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Home / Business / Once again, the unemployment rate in the U.S. economy has fallen unevenly

Once again, the unemployment rate in the U.S. economy has fallen unevenly

Washington (Associated Press)-Ten months after the virus outbreak in the United States, low-income workers still bear the brunt, an unusual and severe feature of the pandemic recession that flattened the economy last spring.

Last December, the United States was unemployed for the first time since April.. The layoffs are again concentrated in the industries that suffer the most, because they involve the kind of face-to-face contact that is now almost impossible: restaurants, bars and hotels, theaters, stadiums and concert halls.

With the virus changing consumer spending habits, economists believe that even after the economy regains its footing, some parts of these services will not return. This trend may further exacerbate economic inequality and prevent millions of families from buying food or paying rent.

Usually, during a recession, layoffs will hit a wide range of industries, including those that employ high- and middle-income workers and those that employ low-paid workers, because anxious consumers will cut spending significantly. Economists worry that the same trend will occur this time.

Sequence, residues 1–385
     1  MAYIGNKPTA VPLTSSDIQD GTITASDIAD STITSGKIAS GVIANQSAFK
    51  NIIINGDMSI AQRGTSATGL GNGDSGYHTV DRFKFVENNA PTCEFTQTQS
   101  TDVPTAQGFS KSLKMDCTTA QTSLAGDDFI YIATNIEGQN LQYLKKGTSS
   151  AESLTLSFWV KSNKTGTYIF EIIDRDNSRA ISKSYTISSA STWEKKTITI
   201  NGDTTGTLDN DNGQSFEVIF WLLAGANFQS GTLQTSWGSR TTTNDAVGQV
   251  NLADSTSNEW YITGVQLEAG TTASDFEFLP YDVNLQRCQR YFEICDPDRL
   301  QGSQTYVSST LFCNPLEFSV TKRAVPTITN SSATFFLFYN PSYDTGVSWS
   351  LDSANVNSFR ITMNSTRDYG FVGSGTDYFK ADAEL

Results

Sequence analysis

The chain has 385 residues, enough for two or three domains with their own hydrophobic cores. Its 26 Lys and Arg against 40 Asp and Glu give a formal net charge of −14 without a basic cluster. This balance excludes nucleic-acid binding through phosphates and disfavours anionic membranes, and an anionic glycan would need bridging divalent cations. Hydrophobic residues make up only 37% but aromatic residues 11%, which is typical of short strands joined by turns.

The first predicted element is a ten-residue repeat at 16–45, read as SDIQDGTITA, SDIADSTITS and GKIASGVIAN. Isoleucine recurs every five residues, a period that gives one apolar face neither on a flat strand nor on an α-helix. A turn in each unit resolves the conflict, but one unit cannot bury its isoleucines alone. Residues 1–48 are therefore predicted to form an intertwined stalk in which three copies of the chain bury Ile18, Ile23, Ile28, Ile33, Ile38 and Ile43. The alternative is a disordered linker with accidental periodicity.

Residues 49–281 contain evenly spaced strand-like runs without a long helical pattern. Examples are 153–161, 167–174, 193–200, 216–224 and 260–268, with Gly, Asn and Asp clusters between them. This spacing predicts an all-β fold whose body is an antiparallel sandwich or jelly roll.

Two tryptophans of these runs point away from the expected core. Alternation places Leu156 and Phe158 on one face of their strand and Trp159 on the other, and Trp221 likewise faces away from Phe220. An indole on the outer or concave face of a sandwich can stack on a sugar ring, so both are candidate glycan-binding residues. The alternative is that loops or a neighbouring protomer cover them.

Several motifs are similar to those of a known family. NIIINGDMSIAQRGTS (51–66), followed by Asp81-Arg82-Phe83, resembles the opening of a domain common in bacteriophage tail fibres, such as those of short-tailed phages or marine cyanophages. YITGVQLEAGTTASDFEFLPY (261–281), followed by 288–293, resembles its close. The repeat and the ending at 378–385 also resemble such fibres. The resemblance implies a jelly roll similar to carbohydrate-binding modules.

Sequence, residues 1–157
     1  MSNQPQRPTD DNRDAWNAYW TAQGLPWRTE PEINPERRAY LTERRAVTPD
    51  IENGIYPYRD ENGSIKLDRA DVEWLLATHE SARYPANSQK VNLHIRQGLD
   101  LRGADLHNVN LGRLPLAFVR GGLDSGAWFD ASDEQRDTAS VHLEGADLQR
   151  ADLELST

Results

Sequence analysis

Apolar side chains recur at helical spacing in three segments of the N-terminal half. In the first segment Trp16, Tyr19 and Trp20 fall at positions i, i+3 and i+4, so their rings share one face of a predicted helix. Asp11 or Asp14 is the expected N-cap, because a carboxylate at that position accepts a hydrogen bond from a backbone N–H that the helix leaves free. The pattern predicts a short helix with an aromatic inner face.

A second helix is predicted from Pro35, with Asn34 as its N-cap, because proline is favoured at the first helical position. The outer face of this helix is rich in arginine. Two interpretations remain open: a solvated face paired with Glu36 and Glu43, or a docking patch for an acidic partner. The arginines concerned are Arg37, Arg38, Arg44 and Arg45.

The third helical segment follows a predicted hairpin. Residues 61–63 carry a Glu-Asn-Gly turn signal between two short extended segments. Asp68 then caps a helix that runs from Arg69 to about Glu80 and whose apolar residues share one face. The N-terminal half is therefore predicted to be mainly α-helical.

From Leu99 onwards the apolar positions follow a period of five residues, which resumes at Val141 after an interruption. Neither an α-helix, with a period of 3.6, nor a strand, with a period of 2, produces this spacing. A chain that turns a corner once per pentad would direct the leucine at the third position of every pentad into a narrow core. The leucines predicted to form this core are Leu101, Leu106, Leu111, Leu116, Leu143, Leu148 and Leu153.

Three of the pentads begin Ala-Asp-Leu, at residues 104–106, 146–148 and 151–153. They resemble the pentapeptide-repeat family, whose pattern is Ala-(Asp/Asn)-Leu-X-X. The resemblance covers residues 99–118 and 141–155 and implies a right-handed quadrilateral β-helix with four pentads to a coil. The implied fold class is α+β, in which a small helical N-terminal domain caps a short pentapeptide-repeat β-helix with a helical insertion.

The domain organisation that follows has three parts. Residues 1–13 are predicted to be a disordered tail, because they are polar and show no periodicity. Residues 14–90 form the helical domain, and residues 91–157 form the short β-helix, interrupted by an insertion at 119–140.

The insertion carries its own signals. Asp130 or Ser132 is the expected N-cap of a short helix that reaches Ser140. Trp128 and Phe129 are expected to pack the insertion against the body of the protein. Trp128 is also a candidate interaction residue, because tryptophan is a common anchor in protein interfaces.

Instead, most other parts of the economy are recovering, even if slowly and healthy. Since May, although the factory has not fully recovered, it is still adding products and adding jobs every month. Home sales have skyrocketed by 26% from a year ago, as wealthy individuals who can work at home are looking for more space. This trend in turn has strengthened high-paying jobs in the banking, insurance and real estate sectors.